The Distally Based Lesser Saphenous Venofasciocutaneous Flap for Ankle and Heel Reconstruction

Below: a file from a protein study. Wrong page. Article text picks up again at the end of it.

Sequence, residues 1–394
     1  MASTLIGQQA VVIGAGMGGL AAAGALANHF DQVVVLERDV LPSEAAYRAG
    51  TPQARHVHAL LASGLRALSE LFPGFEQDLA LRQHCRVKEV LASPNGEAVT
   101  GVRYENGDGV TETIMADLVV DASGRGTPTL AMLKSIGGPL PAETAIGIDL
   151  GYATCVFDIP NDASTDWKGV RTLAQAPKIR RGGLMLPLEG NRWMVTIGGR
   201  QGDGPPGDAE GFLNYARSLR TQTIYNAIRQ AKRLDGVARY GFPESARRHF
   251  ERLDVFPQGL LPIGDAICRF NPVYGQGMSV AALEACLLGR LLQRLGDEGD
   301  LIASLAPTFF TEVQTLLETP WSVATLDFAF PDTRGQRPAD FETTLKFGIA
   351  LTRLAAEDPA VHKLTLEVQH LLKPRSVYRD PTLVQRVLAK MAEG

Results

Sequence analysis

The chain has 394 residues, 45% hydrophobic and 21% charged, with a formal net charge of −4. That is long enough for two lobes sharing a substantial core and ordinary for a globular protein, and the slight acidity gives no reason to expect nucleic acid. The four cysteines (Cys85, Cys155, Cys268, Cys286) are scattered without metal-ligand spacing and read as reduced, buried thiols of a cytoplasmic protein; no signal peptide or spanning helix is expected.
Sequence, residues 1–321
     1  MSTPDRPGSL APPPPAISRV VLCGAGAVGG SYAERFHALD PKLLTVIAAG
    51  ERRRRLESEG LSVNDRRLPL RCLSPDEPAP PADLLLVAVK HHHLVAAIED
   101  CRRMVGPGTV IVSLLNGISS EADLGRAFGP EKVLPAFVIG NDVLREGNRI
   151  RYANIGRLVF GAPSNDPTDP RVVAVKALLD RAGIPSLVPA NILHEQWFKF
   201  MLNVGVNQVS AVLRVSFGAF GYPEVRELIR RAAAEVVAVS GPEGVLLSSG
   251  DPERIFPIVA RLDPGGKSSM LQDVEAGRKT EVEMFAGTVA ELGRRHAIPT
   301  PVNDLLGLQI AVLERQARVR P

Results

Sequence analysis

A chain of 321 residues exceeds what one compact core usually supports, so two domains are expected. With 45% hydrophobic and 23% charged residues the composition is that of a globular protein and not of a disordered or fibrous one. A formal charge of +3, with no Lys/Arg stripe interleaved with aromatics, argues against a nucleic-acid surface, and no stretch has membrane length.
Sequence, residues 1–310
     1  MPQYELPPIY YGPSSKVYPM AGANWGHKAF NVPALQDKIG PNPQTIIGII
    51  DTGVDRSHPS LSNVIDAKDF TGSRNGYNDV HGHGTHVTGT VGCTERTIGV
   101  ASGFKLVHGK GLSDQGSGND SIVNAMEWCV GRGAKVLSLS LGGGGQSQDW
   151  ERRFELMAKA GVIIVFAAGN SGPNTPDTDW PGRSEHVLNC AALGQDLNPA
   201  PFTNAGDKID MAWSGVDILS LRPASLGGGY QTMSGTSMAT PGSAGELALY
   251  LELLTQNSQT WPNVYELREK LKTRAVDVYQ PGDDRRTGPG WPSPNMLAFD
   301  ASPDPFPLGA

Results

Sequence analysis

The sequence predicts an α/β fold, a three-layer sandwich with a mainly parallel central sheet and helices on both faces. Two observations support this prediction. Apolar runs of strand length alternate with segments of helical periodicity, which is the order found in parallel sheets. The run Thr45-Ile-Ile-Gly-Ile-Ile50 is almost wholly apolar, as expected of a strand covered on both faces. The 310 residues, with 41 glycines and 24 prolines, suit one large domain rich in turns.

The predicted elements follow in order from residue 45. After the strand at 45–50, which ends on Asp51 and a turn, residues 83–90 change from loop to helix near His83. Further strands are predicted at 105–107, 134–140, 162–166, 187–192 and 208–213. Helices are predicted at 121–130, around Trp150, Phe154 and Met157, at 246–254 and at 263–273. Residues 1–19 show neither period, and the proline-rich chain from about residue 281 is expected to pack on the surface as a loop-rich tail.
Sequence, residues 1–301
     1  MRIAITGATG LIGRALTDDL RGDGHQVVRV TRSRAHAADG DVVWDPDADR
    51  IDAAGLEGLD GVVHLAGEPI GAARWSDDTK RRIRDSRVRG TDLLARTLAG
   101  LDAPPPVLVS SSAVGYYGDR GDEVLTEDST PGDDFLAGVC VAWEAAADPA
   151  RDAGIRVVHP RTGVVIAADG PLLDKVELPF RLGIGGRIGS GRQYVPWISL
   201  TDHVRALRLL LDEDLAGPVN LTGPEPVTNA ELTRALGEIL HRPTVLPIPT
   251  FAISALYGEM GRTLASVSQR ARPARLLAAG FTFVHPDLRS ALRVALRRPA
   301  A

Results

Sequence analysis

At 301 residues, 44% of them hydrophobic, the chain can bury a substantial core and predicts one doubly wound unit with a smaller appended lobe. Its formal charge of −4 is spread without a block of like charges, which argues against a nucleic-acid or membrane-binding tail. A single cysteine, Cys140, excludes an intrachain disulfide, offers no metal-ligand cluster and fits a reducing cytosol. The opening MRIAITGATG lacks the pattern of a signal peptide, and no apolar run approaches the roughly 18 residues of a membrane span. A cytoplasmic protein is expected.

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1 The Distally Based Lesser Saphenous Venofasciocutaneous Flap for Ankle and Heel Reconstruction Shao-Liang Chen, M.D., Tim-Mo Chen, M.D., Trong-Duo Chou, M.D., Shyi-Gen Chen, M.D., and Hsian-Jenn Wang, M.D. Taiwan, Republic of China Finding an appropriate soft-tissue grafting material to close a wound located over the ankle and heel can be a difficult task. The distally based lesser saphenous venofasciocutaneous flap mobilized from the posterior aspect of the upper leg, used as an island pedicle skin flap, can be useful for this purpose. The vascular supply to the flap is derived from the retrograde perfusion of the accompanying arteries of the lesser saphenous vein. These arteries descend along both sides of the lesser saphenous vein to the distal third of the leg, either terminating or anastomosing with the septocutaneous perforators of the peroneal artery. Between February of 1999 and March of 2001, four variants of this flap were applied in 21 individuals, including 11 fasciocutaneous, five fascial, three sensory, and two fasciomyocutaneous flaps. Skin defects among all patients were combined with bone, joint, and/or tendon exposure. The authors found that the flap was reliable and technically simple to design and execute. This one-stage procedure not only preserves the major arteries and the sural nerve of the injured leg, but it also has proved valuable for covering a weight-bearing heel and filling a deep defect, because it potentially provides protective sensation and a well-vascularized muscle fragment. When conventional local flaps are inadequate, this flap should be considered for its reliability and low associated morbidity. (Plast. Reconstr. Surg. 110: 1664, 2002.) The loss of soft tissue at the level of the ankle and heel, with the exposure of tendon or bone, represents a challenging reconstructive problem because of the lack of locally available tissue, relatively poor circulation of the skin, and weight-bearing requirement of the region. Therapeutic options include local, regional, and free flaps. Each of these methods, however, has some drawbacks limiting its clinical application. A local flap 1 as a surgical solution may not be possible either because of inadequate tissue available to be moved from areas adjacent to the defect or because of limited flap mobilization. An inferiorly based soleus muscle flap 2 is associated with limitations of bulkiness and unreliability owing to the flap s variable vascular anatomy distally. Reversed septocutaneous flaps 3 6 such as the peroneal artery flap, anterior tibial artery flap, and posterior tibial artery flap are other options. When using such flaps, however, a major artery is killed and an already injured lower leg might be jeopardized. Microsurgery 7 9 can be used to remedy these problems, but such a technique requires a microvascular surgical team and appropriate equipment. Since Masquelet et al. 10 first described the concept of the distally based neurocutaneous island flap supplied by the vascular axis around the sural nerve, similar flaps have been reported subsequently and shown to be appropriate for the reconstruction of medium-to-large defects of the ankle and heel. In most of these reports, attention was focused only on the accompanying arteries of the sural nerve. In Nakajima et al. s anatomical study, 15 the lesser saphenous vein also exhibited its own accompanying arteries giving off several cutaneous perforators during the suprafascial course of the vein. The distally based lesser saphenous venofasciocutaneous flap was From the Division of Plastic and Reconstructive Surgery, Tri-Service General Hospital, Taipei. Received for publication November 26, Parts of this report were given as an oral presentation at the Annual Meeting of the Republic of China Association of Plastic and Reconstructive Surgery, Taipei, December 18, DOI: /01.PRS